Research Question. In what ways will providing a specific set of phonemic awareness activities such as sound blending, segmenting, and rhyming help my kindergarten students understand an early component to reading?
Research Activities. This study explores the effectiveness of phonemic awareness lessons focused on sound blending, segmenting, and rhyming to teach early literacy skills. Activities included fun, motivational lessons designed to teach students about sounds and word construction in an oral, small-group setting. Context. This study engaged three students from a self-contained kindergarten classroom at a public, suburban elementary school. The focus students were English language learners, with two speaking primarily Chinese and one speaking primarily Arabic at home. The students spanned ability levels but all needed help in phonemic awareness. One student was on an individual education plan. Method and data. The intervention covered a three-month study. A six-week lesson period utilized interaction with manipulatives, visuals, and kinesthetics that orally incorporated sound blending, segmenting, and rhyming. Students worked in a small group on individual questions and were asked to help each other out when they had trouble. Data sets influencing preliminary research design included preliminary data from a writer's workshop, parent survey, and observation notes. Baseline and post-intervention data sets included a student interview, an initial sound fluency assessment, a sound recognition assessment, and a segmentation assessment. Results. Results showed significant improvement in phonemic awareness over the course of the study. Focus students advanced in all three areas of segmenting, blending, and rhyming when comparing baseline and post-intervention data. Students also improved valuable skills in behavior, ability to follow directions, and teamwork. In addition to segmenting, blending, and rhyming, students improved in other areas of English literacy as well. One student improved from not speaking English at all to being able to speak English with relative comfort. The other two students improved dramatically in pronunciation of phonemes.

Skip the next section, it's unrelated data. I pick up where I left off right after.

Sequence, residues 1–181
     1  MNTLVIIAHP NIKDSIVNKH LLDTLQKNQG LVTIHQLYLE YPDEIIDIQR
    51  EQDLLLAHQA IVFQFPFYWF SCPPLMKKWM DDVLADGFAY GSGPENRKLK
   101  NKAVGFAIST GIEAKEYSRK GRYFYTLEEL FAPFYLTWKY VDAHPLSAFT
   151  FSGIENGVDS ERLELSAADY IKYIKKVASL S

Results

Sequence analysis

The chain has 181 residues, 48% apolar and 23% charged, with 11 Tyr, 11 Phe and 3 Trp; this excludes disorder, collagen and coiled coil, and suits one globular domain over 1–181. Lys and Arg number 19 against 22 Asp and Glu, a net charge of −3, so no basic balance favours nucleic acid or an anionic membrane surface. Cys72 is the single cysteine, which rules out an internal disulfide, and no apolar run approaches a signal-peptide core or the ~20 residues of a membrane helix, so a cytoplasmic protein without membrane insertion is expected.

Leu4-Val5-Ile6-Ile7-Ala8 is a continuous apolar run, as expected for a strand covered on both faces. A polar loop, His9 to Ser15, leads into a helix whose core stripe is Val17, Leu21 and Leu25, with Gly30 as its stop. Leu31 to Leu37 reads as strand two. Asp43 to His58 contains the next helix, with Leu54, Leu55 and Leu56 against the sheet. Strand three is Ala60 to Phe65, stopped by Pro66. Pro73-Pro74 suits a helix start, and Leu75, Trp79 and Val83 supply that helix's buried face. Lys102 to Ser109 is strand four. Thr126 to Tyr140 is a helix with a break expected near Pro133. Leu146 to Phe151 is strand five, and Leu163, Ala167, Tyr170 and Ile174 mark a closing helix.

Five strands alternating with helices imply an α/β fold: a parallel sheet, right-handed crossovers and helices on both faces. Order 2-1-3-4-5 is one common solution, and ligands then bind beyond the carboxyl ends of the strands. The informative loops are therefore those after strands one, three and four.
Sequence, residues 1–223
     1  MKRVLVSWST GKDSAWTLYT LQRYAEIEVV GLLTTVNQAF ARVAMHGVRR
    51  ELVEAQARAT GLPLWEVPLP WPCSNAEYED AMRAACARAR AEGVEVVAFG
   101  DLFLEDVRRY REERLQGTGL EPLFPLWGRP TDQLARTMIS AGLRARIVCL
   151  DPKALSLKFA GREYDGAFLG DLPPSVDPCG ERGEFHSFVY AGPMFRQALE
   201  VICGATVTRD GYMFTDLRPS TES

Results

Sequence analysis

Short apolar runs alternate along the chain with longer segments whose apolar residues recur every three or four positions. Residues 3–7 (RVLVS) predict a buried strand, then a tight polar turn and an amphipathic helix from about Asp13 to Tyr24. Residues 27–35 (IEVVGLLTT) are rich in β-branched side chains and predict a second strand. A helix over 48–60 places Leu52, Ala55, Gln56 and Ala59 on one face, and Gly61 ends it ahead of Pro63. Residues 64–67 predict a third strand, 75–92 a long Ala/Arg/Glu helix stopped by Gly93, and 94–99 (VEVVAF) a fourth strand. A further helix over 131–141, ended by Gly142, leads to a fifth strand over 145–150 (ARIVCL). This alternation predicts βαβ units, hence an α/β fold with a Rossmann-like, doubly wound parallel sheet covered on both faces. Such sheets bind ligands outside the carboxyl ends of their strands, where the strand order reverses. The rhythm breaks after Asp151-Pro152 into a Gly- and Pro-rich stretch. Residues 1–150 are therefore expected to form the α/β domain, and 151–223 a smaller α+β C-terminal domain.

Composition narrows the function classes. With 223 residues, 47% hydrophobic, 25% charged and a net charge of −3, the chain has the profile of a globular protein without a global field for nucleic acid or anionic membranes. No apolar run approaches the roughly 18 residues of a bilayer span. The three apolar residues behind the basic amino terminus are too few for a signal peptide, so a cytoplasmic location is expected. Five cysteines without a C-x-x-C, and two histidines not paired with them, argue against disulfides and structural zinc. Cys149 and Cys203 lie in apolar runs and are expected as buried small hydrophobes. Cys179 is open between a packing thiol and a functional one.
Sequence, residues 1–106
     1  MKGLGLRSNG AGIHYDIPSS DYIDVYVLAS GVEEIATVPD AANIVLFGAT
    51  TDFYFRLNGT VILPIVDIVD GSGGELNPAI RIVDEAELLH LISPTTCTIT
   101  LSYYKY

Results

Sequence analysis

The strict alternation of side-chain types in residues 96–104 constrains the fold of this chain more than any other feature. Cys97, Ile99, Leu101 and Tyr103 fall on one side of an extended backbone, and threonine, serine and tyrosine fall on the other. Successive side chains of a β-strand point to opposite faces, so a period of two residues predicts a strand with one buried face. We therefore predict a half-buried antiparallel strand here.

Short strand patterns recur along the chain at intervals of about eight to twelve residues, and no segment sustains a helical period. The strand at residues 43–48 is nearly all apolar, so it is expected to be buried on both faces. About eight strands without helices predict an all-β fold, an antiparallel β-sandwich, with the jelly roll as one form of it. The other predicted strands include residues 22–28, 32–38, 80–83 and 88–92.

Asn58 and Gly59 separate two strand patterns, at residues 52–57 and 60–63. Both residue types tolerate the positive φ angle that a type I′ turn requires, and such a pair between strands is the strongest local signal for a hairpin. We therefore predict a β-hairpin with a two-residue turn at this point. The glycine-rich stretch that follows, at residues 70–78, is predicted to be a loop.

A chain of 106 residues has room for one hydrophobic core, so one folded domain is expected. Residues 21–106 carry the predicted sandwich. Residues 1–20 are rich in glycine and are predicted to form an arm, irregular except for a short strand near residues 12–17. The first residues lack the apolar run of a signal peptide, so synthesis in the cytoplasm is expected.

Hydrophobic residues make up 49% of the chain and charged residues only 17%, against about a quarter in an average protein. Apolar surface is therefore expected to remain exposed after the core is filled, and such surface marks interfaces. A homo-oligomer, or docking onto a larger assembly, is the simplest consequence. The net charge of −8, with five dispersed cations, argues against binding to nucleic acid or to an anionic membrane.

|Commitee:||Leonard-Fortes, Michelle, Merino, Barbara J.|
|School:||University of California, Davis|
|School Location:||United States -- California|
|Source:||MAI 48/01M, Masters Abstracts International|
|Subjects:||Bilingual education, Elementary education|
|Keywords:||English language learners, Kindergarten, Phoneme blending, Phoneme rhyming, Phoneme segmentation, Phonemic awareness|
Copyright in each Dissertation and Thesis is retained by the author. All Rights Reserved
dissertation or thesis. The supplemental files are provided "AS IS" without warranty. ProQuest is not responsible for the
content, format or impact on the supplemental file(s) on our system. in some cases, the file type may be unknown or
may be a .exe file. We recommend caution as you open such files.
supplemental files is subject to the ProQuest Terms and Conditions of use.